"None are more hopelessly enslaved than those who falsely believe they are free." Johann Wolfgang von GoetheMany people believe themselves to be free. Many people extoll the virtues of "their" government; how it "benevolently" "cares for" the "less fortunate".
The process of domination generally begins at a young age; imagine a small tribe in an "uncivilized" time, where a "cheif" emerges, who bases his rule upon his strength of might to dominate his fellows. Initially, some may have disputed this "chief" but if that "chief" was to subdue his rivals, afterwards, would it not be to the advantage of the remainder to submit to this dominating source of violence? Fear is a powerful motivator of human-action, and I believe it is reasonable to conclude that fear could motivate those remaining to tolerate this "chief" so long as they felt powerless to rebel against his might. They would be incentivized to raise there children in such a way, as to not invoke the "chief's" ire; and to do so, they would have to raise their children in such a way as to be obsequious to the "authority" of the chief. Therefore, they would have to raise their children in such a way, as to instill a fear of "authority" in their children and to do that, they would have to adopt this authority, either out of their own fear for their childrens' safety, or out of pain of being dominated themselves, transferred as anger upon their children.
This process of domination has rarely been broken and it has often been strengthened in our "modern" societies. Now parents are told to let their children, "Cry themselves to sleep" to help "self-soothe", harming the child's ability to trust that their needs will be respected; parents use physical punishment (spanking, or worse) to enforce the parent's will. Children are sent to schools where there are various "authorities" that must be obeyed or there will be "consequences".
This insidious process of domination becomes pervasive in order to create adults that are obsequious, obedient, dull-witted (because the exercise of violence serves decrease the potential for the exercise of reason, as violence is contrary to what is rational) and above-all fearful/reverent of "authority".
We might compare our "civilized" societies to very-large slave-plantations; the "slaves" may be "permitted" (with "authorized" "documentation") to leave their "plantation" but they are not "permitted" to be left alone, to not be threaten with "punishment" for "disobeying" the "laws" (rules of the rulers). These "slaves" believe themselves to be "free" because they have from birth been dominated by those in "authority" over them: parents, "teachers", "administrators", "officers", "legislators" etc.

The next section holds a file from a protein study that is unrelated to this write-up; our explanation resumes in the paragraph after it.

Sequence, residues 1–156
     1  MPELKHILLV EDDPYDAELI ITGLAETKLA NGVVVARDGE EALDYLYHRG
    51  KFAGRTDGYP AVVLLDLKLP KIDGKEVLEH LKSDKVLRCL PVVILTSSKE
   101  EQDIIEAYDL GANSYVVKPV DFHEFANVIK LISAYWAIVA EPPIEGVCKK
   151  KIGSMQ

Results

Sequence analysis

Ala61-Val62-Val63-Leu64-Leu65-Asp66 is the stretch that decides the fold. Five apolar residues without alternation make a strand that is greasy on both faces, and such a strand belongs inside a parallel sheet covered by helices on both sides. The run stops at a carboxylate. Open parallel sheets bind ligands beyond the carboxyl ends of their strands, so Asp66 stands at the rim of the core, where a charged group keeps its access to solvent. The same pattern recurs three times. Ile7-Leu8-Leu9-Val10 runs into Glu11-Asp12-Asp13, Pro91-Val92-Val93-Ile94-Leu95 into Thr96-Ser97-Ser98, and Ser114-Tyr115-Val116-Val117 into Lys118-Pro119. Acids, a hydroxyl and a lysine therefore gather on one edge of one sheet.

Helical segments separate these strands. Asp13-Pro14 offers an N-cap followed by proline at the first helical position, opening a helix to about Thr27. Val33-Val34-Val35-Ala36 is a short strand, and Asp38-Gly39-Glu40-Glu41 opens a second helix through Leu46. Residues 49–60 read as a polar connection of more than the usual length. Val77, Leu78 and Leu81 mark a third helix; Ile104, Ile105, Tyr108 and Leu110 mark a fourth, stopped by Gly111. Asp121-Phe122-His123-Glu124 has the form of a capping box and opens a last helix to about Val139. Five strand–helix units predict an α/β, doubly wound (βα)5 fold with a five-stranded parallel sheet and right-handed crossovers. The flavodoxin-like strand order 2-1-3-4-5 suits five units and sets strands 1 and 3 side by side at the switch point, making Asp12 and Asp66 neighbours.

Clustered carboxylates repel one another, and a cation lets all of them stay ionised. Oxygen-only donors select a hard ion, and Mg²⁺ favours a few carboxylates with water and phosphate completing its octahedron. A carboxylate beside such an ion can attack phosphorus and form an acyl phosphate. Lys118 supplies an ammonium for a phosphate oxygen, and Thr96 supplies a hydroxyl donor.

If we are to be free, we must first liberate our minds which are very likely still bearing the scars of domination. We must first identify, then use logic to analyze, the ideas of that our "masters" have sought to "teach" us. We must identify what is real and what is abstraction/metaphor, and which of those abstractions/metaphors are useful to our mind's faculties and which abstractions/metaphors have been handed to us to ensure our compliance. We must undo the processes of domination that we have experienced in our lives, we must come to terms with the pain and fear that had been instilled within our formative experiences. We must be able to empathize with our own pain and then we will be able to empathize with the pain of others. Our parents likely dominated us, because they were dominated; our "teachers" dominated us because they were deprived of the ability to reason for themselves and accepted the pedagogical techniques of the "authorities" because they believed themselves to be too incompetent to question those "authorities".
"Domination" is the extension of one's own personal "domain" unto others; I contend, that each person, is a "self-owner", that is, they own themselves, their bodies, the labor-time (action) of their bodies and the products which are the manifestation of that labor-time. If we are to live lives of peace and freedom, we must reject that any other person has the right to extend their own "domain" unto ourselves; our lives must be lived by the principle of voluntary-consent and when ever that voluntary-consent is absent, whenever violence, coercion (threat of violence) or theft is present, we must apply our minds to determine the ethical circumstances involved, to know who is the aggressor, and who is the victim.
“The only way to deal with an unfree world is to become so absolutely free that your very existence is an act of rebellion." ~ Albert Camus